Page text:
This months theme is mud wrestling and everyone is required to infuse the beer with chocolate.  I was really hoping we could get away from this wrestling thing….but no avail.  So we have decided on dark chocolate with cayenne pepper.

I was excited to add the yeast ourselves this time, but in the end, this really is not very tricky.  Open yeast vial.  Poor into the beer.

We don't need all of this right?

Well, maybe it was a bit more difficult than expected as 3/4 of the yeast exploded into the sink.  Hopefully there will be enough left to get to work making my beer….

Apr 21, 2012 - Gardening, Green Living    No Comments

“I’m really excited about basil”

…I said to my husband after reading an article on the different varieties. (I am especially excited about a recipe for homemade pesto.) But this does not negate that fact that this is an extremely odd statement. Made even more odd by the fact that it came out of MY mouth.

Over the past month, we have been working hard on the garden: building a new raised bed, trucking mulch from a friend’s backyard compost/ leaf heap, starting seeds, transplanting, and now starting to watch some things grow!

This is my most successful garden to date (and mind you we don’t have produce yet). At least this time we are growing something more than weeds!

Working Hard?

Here’s what we have planted so far:

  • Garden Beans (Provider)
  • Peas (Dark Seeded Early Perfection)
  • 2 different varieties of bell peppers (Green and Yellow Bell)
  • Cayenne peppers
  • Banana peppers
  • Beets (Detroit Dark Red, Medium Top)
  • Radishes (Raxe)
  • Yellow Squash (Long Neck)
  • Zucchini
  • 6 different varieties of tomatoes (Big Boy, Sweet 100, Grape Red, Cherokee purple, Black Krim, Better Boy)
  • Cilantro (Coriandrum Sativum)
  • Dill, Mammoth (Anethum Graveolens)
  • Cucumbers
  • Celery

Working harder....

I promise, I really started small and then of course it snowballed from there.  And you may have noticed that despite my excitement about basil, it is not in the list.  Well, off to the store!

Mar 19, 2012 - Beer, Cooking    No Comments

Chili Cook-off

So we were invited to a friend of a friend’s for a chili cook off this weekend.  Turns out, I didn’t understand the magnitude of the seriousness of this event prior to showing up with my entry.  And, I only brought 1 of the 2 essentials that were needed….chili, but no crock pot.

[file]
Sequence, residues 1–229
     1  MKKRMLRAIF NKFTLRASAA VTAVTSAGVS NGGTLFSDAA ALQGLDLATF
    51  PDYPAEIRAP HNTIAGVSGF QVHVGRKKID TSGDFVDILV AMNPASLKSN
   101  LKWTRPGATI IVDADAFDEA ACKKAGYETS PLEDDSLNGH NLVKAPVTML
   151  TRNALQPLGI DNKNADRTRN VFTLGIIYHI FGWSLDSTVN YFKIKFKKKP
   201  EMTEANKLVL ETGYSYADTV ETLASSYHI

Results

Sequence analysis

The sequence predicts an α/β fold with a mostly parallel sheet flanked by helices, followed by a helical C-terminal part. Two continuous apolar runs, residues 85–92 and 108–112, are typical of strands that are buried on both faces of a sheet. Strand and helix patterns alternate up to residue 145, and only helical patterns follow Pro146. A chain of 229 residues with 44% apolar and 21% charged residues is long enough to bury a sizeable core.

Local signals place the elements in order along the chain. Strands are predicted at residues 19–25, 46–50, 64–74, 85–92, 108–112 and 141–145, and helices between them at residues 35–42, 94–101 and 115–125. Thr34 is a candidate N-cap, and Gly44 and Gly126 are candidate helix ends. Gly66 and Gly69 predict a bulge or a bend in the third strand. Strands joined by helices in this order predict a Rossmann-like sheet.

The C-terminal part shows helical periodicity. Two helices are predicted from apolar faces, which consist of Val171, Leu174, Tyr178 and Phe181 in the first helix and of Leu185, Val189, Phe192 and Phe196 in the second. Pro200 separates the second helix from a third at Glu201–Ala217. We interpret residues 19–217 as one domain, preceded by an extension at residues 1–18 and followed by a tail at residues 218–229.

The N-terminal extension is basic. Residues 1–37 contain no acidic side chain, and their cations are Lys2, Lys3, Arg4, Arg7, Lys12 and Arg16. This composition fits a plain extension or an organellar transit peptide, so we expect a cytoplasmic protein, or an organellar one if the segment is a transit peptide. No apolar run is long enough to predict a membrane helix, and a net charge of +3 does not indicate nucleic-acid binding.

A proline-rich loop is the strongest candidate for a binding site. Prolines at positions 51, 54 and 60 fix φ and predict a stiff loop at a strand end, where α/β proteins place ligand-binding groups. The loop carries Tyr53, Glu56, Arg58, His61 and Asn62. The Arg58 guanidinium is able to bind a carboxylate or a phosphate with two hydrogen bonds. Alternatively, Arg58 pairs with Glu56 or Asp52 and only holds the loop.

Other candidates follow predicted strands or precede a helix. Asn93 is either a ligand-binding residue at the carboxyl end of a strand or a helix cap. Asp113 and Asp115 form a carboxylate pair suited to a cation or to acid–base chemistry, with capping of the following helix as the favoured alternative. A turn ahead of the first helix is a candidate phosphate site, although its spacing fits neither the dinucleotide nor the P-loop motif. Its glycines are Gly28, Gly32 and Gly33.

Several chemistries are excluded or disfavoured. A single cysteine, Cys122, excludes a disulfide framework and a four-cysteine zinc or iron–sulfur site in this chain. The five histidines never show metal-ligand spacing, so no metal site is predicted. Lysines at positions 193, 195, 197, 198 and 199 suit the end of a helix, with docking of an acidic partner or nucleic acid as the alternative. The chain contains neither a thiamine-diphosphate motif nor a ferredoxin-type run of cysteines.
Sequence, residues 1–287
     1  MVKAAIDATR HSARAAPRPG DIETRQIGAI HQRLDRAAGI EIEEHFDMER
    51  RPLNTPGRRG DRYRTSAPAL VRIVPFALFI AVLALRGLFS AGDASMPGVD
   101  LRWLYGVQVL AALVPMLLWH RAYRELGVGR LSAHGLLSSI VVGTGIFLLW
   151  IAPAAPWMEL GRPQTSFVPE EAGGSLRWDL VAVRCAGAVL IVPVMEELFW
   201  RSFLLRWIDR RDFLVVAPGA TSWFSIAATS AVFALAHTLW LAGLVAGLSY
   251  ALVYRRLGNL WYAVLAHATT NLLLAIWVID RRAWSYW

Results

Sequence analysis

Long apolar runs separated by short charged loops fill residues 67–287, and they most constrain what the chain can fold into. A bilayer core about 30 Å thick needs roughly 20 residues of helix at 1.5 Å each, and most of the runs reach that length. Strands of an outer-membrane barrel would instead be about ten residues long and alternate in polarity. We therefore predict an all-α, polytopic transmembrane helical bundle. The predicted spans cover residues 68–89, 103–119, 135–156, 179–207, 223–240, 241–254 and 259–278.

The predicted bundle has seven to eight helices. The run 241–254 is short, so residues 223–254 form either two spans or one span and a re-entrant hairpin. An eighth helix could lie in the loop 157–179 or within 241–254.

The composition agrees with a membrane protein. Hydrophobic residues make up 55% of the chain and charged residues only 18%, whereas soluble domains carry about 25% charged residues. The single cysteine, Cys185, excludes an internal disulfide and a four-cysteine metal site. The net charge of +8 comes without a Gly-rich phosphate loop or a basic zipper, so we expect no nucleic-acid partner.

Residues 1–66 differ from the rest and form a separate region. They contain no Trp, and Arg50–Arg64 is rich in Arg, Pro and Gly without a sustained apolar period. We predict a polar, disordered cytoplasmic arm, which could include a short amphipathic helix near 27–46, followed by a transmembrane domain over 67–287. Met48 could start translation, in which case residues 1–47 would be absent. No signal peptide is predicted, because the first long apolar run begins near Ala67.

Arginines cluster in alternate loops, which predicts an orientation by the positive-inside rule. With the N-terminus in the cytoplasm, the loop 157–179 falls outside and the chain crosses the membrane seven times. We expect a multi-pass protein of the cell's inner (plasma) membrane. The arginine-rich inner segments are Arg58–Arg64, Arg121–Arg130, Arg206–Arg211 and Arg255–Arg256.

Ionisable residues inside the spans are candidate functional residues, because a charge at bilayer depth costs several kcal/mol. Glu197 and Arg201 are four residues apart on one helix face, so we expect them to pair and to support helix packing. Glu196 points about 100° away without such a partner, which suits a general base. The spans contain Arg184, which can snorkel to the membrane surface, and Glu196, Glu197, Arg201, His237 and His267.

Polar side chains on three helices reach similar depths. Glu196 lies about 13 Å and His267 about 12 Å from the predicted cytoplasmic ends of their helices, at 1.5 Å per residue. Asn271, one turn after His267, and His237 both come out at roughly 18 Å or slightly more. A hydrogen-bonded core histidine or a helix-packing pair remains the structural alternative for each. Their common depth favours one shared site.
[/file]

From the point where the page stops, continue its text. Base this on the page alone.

(Before the story can progress much further, I will remind readers that the name of this blog is “not so domestic” and it is meant to be taken quite literally.)

So paying tribute to the date of the chili cook-off (St. Patrick’s day) I choose a Guinness based chili.  Because, can you really go wrong with Guinness? (typically, no).  I grabbed a couple of recipes off of the web: here and here and (probably where I went wrong) did a combo from each.  Mostly I followed the instructions from the kegworks blog (the first link above) and threw in some cans of beans suggested by the second link.  And then on a whim, my husband threw in some pork bellies.  Here’s the ingredients:

In the end, we had what turned out to be Guinness stew more than chili.  And I did win an award, the always ego-boosting:  “You must have been drunk while making this”.  Hey, I could have come away entirely empty handed!

Not sure if this is even worth trying a second take at.  Any suggestions for how to fix are appreciated!  The Guinness and the chocolate do make it sound like it should have a second try……

Mar 19, 2012 - Couponing, Green Living    No Comments

Coupon Organizer

My coupon organizer arrived the other day and I have to say I am pretty excited to try it out this week.  Let me first emphasize, it is absolutely NOT a binder!  This is important because I may lose friends if I am spotted at the grocery store scanning through the pages of a binder.  (Its just the honest truth)

But the issue remains, it is very frustrating to see a good deal at the store, know that you have a coupon to pair with that deal, and know that coupon is sitting idly on your desk at home.  I need to have my coupons with me, and in steps this coupon organizer that I found on Etsy.  Now I can coupon, stylishly while maintaining some dignity (debatable).

Check out Glow Girl’s Etsy site here.  She has a wide variety of fabrics and sizes.  I chose a megalarge waterproof organizer (beacuse, there’s nothing worse than wet coupons….)  The organizer also came with the dividers and pre-made labels.  Excellent for people that have as little time as I do!

She also has some reusable snack bags which I think will be in the mail to me shortly!